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David Baxter

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This launch will be a NASA first, I read yesterday: A woman pilot who will be greeted on arrival by a woman currently in (heading?) the space station. if I recall correctly.
 

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Re: Space Shuttle STS 120: Oct 23, 2007

Expedition 16 Commander Peggy Whitson, who took command of the ISS on Oct 19, 2007 will greet STS-120 Commander Pamela Melroy when Space Shuttle Discovery docks to the International Space Station later this week.

Commander Whitson's Details

The commander of STS 120, Discovery scheduled to launch Oct 23 is

STS-120 Mission Details
 

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Re: Space Shuttle STS 120: Oct 23, 2007

Shuttle Discovery launched this morning after a number of decisions had to be made with regard to some ice having formed during fuel transfer in the high humidity, and concern abou some previous wing damage to the shuttle.

All systems were GO, and Discovery launched at 11:38 am to partly cloudy skies.

The shuttle was visible while on the launch pad from Astronaut park, about six miles away, the closest the public can view the launch.

We saw the first flash of light at ignition (photo 1), and then lift off (photo 2) but the shuttle was briefly obscured by the low level clouds (photo 3).

But once Discovery cleared the cloud deck (photo 4), we were able to see the lift off until the shuttle was out of sight (photo 5).

In this posting and the next one, I would like to share the photos I took of Discovery Mission STS-120
 

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Re: Space Shuttle STS 120: Oct 23, 2007

Then came the most spectacular part of all shuttle launches, a characteristic which differs with every launch, but is largely ignored by media and many shuttle watchers.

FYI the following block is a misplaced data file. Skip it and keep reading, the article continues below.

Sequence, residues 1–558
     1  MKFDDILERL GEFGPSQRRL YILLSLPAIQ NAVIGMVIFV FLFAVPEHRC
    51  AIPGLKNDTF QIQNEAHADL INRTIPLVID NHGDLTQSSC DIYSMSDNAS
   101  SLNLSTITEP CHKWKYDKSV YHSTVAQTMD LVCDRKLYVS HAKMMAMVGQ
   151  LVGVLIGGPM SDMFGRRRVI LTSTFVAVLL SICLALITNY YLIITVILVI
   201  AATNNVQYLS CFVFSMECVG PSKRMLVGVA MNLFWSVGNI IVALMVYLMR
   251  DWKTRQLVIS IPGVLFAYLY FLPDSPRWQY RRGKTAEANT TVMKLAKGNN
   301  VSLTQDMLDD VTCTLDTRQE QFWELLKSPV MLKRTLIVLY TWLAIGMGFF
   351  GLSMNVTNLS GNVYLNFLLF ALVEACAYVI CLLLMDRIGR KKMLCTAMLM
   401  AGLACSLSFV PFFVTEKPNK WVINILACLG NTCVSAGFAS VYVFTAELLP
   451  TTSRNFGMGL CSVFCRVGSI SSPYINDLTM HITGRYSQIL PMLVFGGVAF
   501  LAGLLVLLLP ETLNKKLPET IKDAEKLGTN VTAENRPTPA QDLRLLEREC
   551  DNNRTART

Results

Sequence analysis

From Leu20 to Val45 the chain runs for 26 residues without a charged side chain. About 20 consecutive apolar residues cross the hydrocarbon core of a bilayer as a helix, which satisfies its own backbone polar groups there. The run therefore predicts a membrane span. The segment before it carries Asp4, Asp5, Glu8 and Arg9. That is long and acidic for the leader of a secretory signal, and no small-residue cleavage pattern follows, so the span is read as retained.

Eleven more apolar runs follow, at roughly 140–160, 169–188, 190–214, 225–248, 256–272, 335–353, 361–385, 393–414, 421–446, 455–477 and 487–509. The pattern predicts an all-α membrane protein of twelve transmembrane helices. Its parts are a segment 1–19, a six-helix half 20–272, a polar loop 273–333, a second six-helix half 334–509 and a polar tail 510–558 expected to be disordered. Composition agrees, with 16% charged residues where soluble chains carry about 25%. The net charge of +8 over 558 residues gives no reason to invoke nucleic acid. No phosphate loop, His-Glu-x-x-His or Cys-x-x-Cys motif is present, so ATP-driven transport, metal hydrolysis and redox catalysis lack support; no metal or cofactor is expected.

It is the plume of smoke that trails from the shuttle from lift off to the end of the atmosphere.

Every plume is different depending on the effect of the upper level winds and is truly beautiful.

The changing plume is to me the climax of every shuttle launch I have had the pleasure to watch over the last decade, giving each launch its distinctive "personality".

To download podcasts, photos and details of STS-120, the International Space Station visit the NASA Home Page

The NASA video of the launch can be seen and downloaded from the NASA Homepage.
 

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We consider having the Space Center as our neighbor to be a real gift, and we appreicate every opportunity to watch a mission take off.

I forgot to mention the rumble! As the shuttle lited off the ground, after taking a few seconds for the sound to travel across the six mile distance to Astronaut Park, the low frequency rumble of the rocket engines reverberated through our bodies!

No amusment park can equal that!;)
 

David Baxter

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I forgot to mention the rumble! As the shuttle lited off the ground, after taking a few seconds for the sound to travel across the six mile distance to Astronaut Park, the low frequency rumble of the rocket engines reverberated through our bodies!